A number of anglers swear by using red hooks, saying that the red hook represents blood and potentially an injured baitfish. There is absolutely no good science that supports this theory, but then again there is no science that refutes it either. If using a red hook floats your boat, who am I to suggest otherwise?


There are a number of products on the market designed to add weight to a crankbait. Soft lead adhesive strips that can be placed on the belly of the bait is a common way to additional weight to a crankbait. Often these strips are used to convert a floating crankbait into a neutrally buoyant bait.

Jerkbaits are the lures that are most commonly weighted to create a bait that sinks very slowly in the water. This feature allows the angler to keep the bait in the strike zone longer, compared to floating baits that quickly rise in the water when the retrieve is stopped.

A second way to add weight to a crankbait is to wrap thin lead wire around the shank of the treble hook. This trick is easy to accomplish and allows weight to be placed on the front, middle or back of the lure as conditions dictate. Playing with lead wire on the treble hooks, provides the opportunity to change the orientation of the bait in the water to nose up, nose down or horizontal.

A third option for weighting crankbaits are small weights that clip onto the treble hook shaft. Like tiny bell sinkers, these weights are easy to put on and take off, making it fast and simple to modify a bait.


Another way to influence the action of a crankbait is to use various different line types. Monofilament, fluorocarbon and co-polymer lines have a good degree of stretch. Fused lines and super braids have nearly zero stretch.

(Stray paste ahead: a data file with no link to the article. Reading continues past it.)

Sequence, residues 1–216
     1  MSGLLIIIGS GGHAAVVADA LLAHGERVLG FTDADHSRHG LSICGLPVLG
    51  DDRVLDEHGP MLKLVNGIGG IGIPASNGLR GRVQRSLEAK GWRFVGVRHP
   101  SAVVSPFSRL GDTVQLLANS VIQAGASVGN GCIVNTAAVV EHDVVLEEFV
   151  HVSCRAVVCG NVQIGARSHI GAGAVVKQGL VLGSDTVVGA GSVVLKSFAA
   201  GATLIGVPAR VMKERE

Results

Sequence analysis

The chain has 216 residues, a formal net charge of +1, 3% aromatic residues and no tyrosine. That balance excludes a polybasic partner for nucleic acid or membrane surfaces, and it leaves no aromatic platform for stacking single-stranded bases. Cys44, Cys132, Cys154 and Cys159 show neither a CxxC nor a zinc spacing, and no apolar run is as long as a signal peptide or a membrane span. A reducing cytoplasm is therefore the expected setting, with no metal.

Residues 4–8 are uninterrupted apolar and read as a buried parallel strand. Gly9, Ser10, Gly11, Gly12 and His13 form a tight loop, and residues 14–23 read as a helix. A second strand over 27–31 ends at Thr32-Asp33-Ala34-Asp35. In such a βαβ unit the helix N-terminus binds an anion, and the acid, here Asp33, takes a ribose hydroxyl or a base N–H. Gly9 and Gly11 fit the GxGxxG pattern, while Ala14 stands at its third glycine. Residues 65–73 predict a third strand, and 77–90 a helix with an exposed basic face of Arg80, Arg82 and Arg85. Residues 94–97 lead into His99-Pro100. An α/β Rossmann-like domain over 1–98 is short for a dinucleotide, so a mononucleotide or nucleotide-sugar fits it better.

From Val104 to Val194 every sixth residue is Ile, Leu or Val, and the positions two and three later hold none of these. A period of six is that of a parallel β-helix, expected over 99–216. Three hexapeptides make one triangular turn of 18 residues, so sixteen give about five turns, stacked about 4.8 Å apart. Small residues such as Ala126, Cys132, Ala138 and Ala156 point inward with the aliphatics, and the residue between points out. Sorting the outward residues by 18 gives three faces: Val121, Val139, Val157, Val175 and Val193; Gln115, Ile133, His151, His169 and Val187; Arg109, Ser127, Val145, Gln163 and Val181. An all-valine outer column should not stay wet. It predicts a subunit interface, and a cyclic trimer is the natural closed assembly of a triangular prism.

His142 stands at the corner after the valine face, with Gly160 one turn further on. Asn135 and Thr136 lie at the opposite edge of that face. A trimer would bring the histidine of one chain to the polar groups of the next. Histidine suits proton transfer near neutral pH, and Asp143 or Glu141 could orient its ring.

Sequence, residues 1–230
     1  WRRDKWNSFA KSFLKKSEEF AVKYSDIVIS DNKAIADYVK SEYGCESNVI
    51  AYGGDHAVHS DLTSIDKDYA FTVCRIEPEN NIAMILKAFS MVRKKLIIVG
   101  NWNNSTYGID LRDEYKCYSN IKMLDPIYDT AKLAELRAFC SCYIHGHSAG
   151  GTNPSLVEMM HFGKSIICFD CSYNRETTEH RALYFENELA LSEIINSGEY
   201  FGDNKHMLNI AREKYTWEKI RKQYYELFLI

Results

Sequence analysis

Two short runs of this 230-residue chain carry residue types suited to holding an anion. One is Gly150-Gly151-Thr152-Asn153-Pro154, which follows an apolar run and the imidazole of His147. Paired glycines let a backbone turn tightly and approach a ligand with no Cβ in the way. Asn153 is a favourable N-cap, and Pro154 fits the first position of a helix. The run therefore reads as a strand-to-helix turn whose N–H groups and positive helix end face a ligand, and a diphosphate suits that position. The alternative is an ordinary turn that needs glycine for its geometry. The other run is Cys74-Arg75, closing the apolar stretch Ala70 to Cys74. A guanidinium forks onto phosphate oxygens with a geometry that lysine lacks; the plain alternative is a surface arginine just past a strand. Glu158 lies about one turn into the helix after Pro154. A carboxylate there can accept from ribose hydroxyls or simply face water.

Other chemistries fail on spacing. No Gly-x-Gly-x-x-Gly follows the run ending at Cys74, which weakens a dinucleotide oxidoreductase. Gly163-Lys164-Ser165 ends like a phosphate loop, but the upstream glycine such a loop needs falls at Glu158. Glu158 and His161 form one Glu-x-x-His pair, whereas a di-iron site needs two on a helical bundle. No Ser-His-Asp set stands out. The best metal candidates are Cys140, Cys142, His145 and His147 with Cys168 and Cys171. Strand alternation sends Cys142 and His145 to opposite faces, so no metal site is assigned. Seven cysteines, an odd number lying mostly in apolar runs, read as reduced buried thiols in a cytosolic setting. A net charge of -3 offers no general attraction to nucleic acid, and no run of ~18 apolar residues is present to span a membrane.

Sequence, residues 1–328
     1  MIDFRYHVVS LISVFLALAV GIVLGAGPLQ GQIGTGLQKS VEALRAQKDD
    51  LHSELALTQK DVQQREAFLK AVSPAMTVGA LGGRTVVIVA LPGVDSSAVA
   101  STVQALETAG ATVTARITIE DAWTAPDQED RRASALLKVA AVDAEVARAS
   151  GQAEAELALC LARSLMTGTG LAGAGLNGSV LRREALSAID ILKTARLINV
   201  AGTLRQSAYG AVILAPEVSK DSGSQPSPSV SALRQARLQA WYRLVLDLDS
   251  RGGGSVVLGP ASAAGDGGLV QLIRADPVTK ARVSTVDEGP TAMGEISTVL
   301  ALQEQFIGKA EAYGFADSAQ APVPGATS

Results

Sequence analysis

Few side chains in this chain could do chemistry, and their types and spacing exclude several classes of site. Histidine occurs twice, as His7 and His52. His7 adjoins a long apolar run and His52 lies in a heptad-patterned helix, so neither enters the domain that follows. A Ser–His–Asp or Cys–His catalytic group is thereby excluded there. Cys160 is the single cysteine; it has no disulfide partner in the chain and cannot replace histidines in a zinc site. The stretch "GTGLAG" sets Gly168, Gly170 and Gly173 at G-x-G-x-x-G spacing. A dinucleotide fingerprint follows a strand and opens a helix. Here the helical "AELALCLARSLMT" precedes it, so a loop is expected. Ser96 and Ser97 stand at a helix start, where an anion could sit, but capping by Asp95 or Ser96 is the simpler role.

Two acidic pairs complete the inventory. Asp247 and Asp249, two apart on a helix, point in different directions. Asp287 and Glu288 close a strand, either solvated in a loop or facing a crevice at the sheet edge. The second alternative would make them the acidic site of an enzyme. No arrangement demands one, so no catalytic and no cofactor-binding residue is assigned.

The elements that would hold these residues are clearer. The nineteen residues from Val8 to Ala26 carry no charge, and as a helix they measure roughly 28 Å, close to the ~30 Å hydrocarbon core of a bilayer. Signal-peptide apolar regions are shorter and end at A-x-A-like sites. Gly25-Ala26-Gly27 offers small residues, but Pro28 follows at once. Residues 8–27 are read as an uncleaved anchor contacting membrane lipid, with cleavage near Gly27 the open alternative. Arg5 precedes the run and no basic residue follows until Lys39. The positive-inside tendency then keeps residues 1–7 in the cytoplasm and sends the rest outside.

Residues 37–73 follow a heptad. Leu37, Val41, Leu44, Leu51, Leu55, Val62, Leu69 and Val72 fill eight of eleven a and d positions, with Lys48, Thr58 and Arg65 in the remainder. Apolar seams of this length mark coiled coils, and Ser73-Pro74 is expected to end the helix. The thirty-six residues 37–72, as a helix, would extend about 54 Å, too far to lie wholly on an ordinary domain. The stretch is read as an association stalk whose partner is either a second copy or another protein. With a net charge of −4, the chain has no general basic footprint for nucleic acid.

A line that stretches will act to deaden the action of a crankbait, while no-stretch lines tend to enhance action. In cold water, many anglers favor a line with stretch because the best fish catching action is typically something subtle. In warm water however, increasing a lure’s action by fishing it on no-stretch braid is a good option.

Line diameter also plays to lure action. Thicker lines detract from a crankbait action, while thinner lines allow the lure more freedom of movement in the water.

This “custom painted” Deep Husky Jerk was painted over a solid chrome body. Keeping paint layers to a minimum helps to keep crankbaits offering up a “lively” life-like action.


These days it’s very common for an angler to paint over the factory finish on a crankbait to create custom colors. Custom painting is so common these days, some common sense rules tend to get ignored.

While many don’t realize it, adding paint to a crankbait adds weight to that lure. Too many coats of paint and or clear coat can and does impact the action of a lure.

For those who insist on custom painting their baits, the best advice is to start with a lure that has no paint or a base coat of one solid finish. This minimizes the weight of the lure and makes it possible to add new finishes without impacting on the lure’s action.

Because crankbaits are painted in layers, choosing a lure with just one solid color insures that bait will not have several layers of paint already applied.


When it comes to modifying a crankbait, let common sense be your guide. Adding too much weight can be the kiss of death. Keep your modifications modest and chances are your crankbaits will be great fish catching machines.